Is a very large exhibition at the Royal Academy, showing as one would expect Russian art until 1932 (after which presumably the Stalinist purges were so intense everyone was either dead or had emigrated). The show takes up substantially the same space as the summer exhibition so there is a lot to see. You will have to hurry as it closes on 17th but they have added late viewings tonight.
It is arranged mainly chronologically but also by theme (such as sport), so you start off with the outset of the revolution, onto the death of Lenin, the rise of Stalin, and there it rests. As always in these shows it is the introduction to new artists and art forms are one of the draws for me to this exhibition. This one did not disappoint in that many people came to my attention. A great deal of them in fact. There were also famous names such as a film by Eisenstein. I shall trot you through the others that caught my eye.
One of the pieces that grabbed me early on was called the Labourer by Nathan Altman an abstract piece done in wood, with stripes of mahogany and other strong lines with numbers and Cyrillic letters painted on it. Pleasing heafty shapes, I particularly like the soft blue square.
I have an interest in this period of history so could go on for ages about the purges, shock workers, farm collectivisation and particularly the annihilation of the railway workers. This exhibition had this extra interest for me then, so there were a number of pieces that I found historically interesting even if they were not particularly artistically striking (on the five year plan for example). Some of it was also similar to an exhibition of Soviet Illustration that I went to at the House of Illustration last year.
Mikhail Matyushin’s Movements in Space is in contrast entirely abstract. One doesn’t associate abstract with the earlier soviets but in fact they were nuts for the stuff. It is a simple piece. It is a series of diagonal lines from lower left to mid right, sitting on top of one another, of graded colour. The colour composition is good. It is a good example about how something that looks simple can be an effective work of art.
Alexander Tyshler is a surrealist (or was rather). His rather moody looking piece is called Formal Colour Contrast of Red. The title rather says it all. It has a sort of burnished red background with differently red huge geometric shapes. Better just to show it to you.
When you are going around an exhibition like this you can tell which artists are the real masters because they stand out from the rest. Roaring out of the background was a Kandinsky, called Troubled, swilring colours on a grey background looking like fighting seagulls. There is another Kandisky, later in the show, equally impressive.
Standing next to Kandinsky, snapping at his heals in terms of quality are two works by Lyubov Popova. It is worth saying that there are quite a few women in this exhibition, still in the minority but a refreshing amount. Is this a choice by the curators or does it reflect the mix of soviet artists of the time? I’m sure I could find out. Anyway, two of Popova’s works stand next to the Kandinsky. My favourite had a beige/brown background covered in triangles and curves of various colours. Like Kandinsky they are never a solid block but graded colour.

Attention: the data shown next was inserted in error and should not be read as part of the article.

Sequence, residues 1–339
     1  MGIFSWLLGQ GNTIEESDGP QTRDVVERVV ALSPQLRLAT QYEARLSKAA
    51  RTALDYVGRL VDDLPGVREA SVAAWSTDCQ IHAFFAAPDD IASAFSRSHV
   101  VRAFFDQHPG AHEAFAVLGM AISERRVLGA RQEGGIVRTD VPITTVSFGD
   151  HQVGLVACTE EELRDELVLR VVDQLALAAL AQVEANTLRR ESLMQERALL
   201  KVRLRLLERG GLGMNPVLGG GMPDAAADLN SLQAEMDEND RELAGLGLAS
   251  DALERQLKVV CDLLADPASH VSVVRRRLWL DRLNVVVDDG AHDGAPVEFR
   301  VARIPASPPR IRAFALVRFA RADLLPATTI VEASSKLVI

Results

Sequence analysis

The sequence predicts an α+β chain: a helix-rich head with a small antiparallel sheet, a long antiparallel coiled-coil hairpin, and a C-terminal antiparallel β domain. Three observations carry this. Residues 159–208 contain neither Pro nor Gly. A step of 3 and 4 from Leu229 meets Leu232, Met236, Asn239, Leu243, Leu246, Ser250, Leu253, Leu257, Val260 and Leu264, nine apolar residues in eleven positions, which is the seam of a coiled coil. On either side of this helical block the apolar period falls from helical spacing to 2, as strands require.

Pavel Filonov was another welcome discovery with his two works, Formula of Spring (below) and Formula of the Petrograd Soviet. Formula of Spring was one of my favourite works in the show. A sort of pastel shade background with intricate geometric spaces looking a little like a street lay out. The Petrograd Soviet one even more so.
Kuzma Petor Vodkin, the winner of the most Russian name in the exhibition contest features a few time. His is the slightly mad red horse painting (below). Actually I much prefer his still life paintings, which feature later in the exhibition. They are intimate and interesting. He is particularly good a reflective surfaces and things refracted through glass and liquid. So there is often a glass of something with a spoon in it or similar. I really like these. I would like to own one.
Kazmir Malevich is a name that was sort of in my brain before I entered the exhibition. It certainly rang distant bells and he is the father of the superbly macho named Suprematism movement. He is sort of a more dynamic Mondrian, although he also does figures (below left). I prefer those his more abstract geometric works (below right). Some of his designs and indeed novel designed were rendered into porcelain by a N. Suetin. These were covetous objects to behold.
Actually I thought Malevich was outshone, in this exhibition at least by Ivan Kliun, who had two works on display. I think his works have better composition in terms of colour and geometric placement. The colours also blend a bit more (like Kandinsky) which I think is better. An example is below
Runner up for the most Russian name in the exhibition is Konstandin Rozhdestvensky for whom if he were alive today, telephone banking would have been a real pain in the arse. Anyway his peasant propaganda piece called Family in a Field was all red and gold, with thick paint and was very pleaing.
There are many more such as V Tatlin and of course Chegal (who I don’t like) and a number of others including some whose names I have noted down so badly that all I can decipher is Igor. If you search for Soviet Artists called Igor in an attempt to work out who it is the list is, well quite long.
There are other good things about this show. There is a mocked up concept Russian apartment. There are posters and a surprising amount of pottery and porcelain. There are also films. It’s a big show so allow yourself plenty of time, but go before it disappears (which is tomorrow, but it is open late tonight 16th April). I will leave you with a looming portrait of Lenin by Brodsky
William John Mackenzie
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